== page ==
Struggling with a movie like this is natural. It happens across all forms of art when we encounter someone who’s doing something so different. If you’ve been raised on pop, blues or rock-‘n’-roll, listening to Coltrane for the first time would be a disarming experience. As would studying painters like Vermeer and Rembrandt and suddenly finding yourself confronted by a Pollock or Rothko. But time spent in the company of the seemingly strange allows for understanding. Not always of subject—no one would ask what the songs on Sun Ship mean, nor should they—but of the form, how the artist is using it, and how it’s affecting you.
In terms of linear movement, this is an evolution of Malick’s style. But in a sense it is also a de-evolution, a return to the primal aspects of cinema—moving images, and, when necessary, sound. That is all that the medium started off as, and Malick has brought it back there, using pictures and swells of classical music to create meaning in a way that narrative cinema never could. It is one thing to hear two characters talk about the soul, or meaning, or the pull of the spiritual in a world divorced from it. It is another thing to see those ideas put together by moving pictures. It accomplishes what words cannot. By finally shedding almost all of the baggage of narrative form, Malick has found a way to re-frame the cinematic landscape. By destroying the form as we’ve come to know it, he has perfected his form.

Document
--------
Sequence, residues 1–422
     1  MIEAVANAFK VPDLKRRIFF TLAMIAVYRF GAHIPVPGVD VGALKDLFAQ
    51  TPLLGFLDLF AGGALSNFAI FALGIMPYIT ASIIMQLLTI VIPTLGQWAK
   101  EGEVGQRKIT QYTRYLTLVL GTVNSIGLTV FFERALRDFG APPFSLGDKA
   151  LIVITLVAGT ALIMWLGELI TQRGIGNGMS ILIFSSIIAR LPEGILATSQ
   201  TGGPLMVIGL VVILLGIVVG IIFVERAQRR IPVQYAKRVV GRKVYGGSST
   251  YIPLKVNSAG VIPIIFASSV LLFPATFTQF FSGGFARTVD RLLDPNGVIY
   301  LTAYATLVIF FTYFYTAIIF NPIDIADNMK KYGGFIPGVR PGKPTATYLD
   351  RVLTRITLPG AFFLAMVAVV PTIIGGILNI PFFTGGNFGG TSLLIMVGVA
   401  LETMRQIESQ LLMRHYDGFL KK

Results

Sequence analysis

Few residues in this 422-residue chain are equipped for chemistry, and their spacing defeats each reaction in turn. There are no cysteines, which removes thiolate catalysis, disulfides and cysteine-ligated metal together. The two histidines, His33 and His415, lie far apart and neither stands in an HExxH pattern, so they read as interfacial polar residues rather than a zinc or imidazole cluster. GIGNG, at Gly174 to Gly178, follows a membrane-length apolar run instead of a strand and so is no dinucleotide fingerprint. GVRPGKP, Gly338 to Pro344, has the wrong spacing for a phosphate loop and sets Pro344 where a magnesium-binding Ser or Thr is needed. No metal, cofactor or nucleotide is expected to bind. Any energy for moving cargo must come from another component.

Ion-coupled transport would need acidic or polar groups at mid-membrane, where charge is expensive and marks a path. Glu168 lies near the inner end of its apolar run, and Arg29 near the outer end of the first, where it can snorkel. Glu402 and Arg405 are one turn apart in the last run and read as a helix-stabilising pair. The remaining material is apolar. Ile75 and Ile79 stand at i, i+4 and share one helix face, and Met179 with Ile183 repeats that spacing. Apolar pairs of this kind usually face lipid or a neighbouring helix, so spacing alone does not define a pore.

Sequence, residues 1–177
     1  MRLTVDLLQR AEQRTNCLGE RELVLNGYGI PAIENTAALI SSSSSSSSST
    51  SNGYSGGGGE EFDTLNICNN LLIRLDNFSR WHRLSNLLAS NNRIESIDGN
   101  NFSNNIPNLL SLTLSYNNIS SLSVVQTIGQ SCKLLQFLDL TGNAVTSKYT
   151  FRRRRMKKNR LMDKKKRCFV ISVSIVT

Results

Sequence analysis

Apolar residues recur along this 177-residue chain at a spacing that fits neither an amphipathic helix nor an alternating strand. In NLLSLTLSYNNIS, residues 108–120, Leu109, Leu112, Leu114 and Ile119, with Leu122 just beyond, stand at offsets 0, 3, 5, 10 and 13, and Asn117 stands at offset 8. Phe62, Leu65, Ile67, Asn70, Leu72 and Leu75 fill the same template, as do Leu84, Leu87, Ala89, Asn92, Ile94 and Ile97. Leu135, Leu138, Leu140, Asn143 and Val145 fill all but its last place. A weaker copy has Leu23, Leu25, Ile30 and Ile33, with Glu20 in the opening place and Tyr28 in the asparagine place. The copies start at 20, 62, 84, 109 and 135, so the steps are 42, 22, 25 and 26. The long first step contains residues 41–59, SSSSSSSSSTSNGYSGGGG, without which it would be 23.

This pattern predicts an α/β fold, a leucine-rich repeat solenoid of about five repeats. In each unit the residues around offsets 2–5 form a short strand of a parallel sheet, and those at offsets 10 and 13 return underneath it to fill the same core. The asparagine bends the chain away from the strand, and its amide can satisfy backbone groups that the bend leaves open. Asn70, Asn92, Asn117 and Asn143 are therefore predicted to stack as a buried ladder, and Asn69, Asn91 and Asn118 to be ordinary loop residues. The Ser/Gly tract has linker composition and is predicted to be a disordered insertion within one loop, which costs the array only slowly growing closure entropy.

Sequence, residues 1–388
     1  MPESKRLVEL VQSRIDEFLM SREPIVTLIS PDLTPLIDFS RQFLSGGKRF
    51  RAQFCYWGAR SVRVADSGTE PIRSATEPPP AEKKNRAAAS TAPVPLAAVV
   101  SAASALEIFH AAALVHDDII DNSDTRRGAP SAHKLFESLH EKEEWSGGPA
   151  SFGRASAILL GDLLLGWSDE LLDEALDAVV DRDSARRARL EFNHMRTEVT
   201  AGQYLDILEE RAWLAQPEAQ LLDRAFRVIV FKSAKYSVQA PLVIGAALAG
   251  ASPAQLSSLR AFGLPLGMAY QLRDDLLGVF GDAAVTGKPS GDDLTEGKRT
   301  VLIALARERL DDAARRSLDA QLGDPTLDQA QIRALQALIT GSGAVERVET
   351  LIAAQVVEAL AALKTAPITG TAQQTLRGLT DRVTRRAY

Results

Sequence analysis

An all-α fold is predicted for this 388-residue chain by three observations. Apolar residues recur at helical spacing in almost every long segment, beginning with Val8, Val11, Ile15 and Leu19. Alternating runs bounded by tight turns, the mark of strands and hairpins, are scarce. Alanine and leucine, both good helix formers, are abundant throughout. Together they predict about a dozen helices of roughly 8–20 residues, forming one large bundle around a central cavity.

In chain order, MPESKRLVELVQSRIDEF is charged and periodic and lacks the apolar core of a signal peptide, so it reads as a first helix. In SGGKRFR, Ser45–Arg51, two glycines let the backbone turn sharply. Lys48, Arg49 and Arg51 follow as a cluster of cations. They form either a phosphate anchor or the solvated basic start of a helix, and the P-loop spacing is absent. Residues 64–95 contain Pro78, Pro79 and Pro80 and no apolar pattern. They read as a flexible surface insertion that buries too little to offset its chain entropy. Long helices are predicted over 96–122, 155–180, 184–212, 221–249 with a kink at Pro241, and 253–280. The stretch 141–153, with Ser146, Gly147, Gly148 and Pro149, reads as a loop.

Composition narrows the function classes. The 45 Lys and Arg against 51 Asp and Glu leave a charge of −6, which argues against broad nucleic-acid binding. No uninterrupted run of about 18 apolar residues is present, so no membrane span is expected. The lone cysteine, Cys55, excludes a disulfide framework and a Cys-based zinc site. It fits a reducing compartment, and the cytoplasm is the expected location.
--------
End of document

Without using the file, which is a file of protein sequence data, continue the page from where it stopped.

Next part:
All that said, whether you respond to the film or not is completely up in the air, as it is with the rest of Malick’s filmography. What works for one person may not work for the other. The beautiful decadence of Los Angeles may pull some in and leave some out, just as The Tree of Life’s prolonged creation of the universe sequence worked for some and put off others. But what you cannot do is dismiss it. It is not a half-hearted work (indeed, the film spent two years in post-production), and it is not made by someone who doesn’t know what they’re doing. Malick, now more than ever, is doing exactly what it is that he wants to do with the cinematic form. That should be applauded, and for viewers who can give themselves over to his films, it may also be a blessing.